Sigfrid Karg-Elert (1877-1933) was born Siegfried Theodor Karg in Oberndorf am Neckar, Germany, the youngest of twelve children. The family finally settled in Leipzig in 1882, where he received his first musical training and private piano instruction. At a gathering of composers in Leipzig, he presented his first attempts at composition to the composer Emil Nikolaus von Reznicek, who arranged a three-year tuition-free scholarship at the Leipzig Conservatory, where he studied with Jadassohn, Reinecke, Reisenauer and Teichmüller.
Having returned to Leipzig, he started devoting himself to composition, primarily for the piano (encouraged by Edvard Grieg, whom he greatly admired). He soon began writing of the harmonium, and his first original organ works (1909) were the, 66 Chorale Improvisations, Op. 65.
Shunned and neglected in Germany, he accepted an invitation for an organ concert tour of America in the spring of 1932. The tour proved to be a disastrous mistake. He was suffering from the diabetes which would soon kill him, and his limited powers as an organist compared unfavorably to the virtuoso standard of organ performance to which American audiences had grown accustomed.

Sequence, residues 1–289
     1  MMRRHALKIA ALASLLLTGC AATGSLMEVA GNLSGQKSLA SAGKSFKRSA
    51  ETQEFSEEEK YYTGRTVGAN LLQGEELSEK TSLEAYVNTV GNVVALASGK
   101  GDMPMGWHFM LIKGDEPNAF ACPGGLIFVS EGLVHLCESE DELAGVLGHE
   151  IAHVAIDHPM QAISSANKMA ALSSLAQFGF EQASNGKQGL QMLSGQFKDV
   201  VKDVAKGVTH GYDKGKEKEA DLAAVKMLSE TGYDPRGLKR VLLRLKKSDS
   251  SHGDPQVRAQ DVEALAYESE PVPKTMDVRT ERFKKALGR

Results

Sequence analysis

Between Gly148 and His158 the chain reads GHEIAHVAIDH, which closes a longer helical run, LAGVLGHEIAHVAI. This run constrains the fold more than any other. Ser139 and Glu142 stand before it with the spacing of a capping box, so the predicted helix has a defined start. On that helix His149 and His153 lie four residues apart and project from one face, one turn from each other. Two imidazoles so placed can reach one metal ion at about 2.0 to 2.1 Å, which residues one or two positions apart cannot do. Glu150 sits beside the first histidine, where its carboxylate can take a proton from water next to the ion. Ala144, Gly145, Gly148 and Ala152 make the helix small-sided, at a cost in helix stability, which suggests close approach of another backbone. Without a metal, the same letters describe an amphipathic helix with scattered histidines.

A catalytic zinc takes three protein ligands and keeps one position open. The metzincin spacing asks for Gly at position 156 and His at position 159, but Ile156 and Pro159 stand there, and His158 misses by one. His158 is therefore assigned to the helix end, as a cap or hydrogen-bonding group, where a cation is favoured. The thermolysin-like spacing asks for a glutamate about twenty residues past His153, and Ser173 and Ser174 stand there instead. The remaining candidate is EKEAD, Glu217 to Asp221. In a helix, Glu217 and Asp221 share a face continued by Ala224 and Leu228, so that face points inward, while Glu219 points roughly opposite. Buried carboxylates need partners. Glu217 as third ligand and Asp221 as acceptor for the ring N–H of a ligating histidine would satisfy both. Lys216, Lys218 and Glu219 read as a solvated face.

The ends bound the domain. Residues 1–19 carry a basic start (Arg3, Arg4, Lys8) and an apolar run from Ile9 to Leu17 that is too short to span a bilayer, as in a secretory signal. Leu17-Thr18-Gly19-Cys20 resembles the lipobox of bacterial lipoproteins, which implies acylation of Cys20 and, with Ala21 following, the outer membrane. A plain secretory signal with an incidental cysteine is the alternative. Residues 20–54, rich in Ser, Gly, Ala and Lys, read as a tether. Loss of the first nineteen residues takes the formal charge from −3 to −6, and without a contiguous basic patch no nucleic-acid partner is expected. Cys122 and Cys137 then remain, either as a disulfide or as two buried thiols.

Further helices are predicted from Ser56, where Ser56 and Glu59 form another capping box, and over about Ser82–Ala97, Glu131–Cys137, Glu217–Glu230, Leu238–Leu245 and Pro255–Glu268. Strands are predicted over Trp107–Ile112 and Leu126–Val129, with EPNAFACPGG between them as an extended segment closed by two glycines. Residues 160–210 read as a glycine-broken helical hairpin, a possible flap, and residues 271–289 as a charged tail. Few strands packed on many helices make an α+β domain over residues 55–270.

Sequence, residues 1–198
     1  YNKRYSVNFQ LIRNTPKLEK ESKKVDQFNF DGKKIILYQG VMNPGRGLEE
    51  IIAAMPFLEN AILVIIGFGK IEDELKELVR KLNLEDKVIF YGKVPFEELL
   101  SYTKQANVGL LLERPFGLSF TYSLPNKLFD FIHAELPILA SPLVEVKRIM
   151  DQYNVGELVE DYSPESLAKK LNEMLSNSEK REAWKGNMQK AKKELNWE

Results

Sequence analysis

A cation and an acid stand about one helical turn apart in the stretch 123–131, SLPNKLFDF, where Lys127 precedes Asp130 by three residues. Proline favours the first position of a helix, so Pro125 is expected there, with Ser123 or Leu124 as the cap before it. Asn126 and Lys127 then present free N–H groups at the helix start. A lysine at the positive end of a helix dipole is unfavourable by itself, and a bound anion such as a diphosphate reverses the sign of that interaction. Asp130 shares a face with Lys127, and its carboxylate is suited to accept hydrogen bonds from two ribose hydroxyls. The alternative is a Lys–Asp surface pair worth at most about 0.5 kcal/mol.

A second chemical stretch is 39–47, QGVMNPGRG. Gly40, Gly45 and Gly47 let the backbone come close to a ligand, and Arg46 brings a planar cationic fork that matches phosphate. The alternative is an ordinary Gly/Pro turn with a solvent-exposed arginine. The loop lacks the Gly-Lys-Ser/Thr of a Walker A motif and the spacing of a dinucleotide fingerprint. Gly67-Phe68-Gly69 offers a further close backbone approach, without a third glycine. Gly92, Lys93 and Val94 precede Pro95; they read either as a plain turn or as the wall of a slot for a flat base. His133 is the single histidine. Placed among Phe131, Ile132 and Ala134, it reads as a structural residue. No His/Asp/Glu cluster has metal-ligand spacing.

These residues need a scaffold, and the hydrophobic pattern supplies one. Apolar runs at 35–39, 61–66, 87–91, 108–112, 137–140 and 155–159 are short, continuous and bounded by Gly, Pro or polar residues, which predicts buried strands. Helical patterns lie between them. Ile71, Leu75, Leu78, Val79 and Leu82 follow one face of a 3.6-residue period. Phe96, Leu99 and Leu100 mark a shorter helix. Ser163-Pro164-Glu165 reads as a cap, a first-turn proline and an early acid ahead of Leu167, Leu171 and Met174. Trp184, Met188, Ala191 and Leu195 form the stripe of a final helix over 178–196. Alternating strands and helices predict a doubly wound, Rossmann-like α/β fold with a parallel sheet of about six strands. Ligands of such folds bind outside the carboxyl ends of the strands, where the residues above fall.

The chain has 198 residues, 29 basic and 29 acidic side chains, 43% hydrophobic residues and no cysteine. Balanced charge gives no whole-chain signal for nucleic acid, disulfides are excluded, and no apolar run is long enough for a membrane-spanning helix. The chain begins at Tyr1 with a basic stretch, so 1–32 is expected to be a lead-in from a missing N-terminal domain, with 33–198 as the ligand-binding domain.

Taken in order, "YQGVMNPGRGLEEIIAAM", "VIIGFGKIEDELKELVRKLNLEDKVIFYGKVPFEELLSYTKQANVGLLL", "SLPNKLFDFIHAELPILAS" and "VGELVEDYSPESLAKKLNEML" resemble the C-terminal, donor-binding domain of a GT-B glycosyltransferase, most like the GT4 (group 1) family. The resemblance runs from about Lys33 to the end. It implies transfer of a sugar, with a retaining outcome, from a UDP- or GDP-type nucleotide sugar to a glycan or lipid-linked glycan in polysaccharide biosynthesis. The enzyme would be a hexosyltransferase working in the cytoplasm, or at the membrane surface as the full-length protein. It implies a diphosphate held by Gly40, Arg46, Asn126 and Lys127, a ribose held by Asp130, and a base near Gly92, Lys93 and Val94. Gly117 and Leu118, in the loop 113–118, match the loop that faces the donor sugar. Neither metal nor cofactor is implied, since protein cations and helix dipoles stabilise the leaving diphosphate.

After his return to Leipzig, his health started deteriorating rapidly. He died there in April 1933, only 55 years old.
Marked, "Grave alla Sarabanda," this work sets the Passion Chorale in the style of Pachelbel (romanticized!). The registrations highlight the "foundational tone," and you will notice that the diapasons are more "stringy" in sound than their English counterparts.
The registrations in the opening section, calling for a decrescendo on the uncoupled Grand Orgue are managed by the subtraction of stops, and without any aid from a swellbox.
The score is attached below, as well as two photos of Sigfrid Karg-Elert.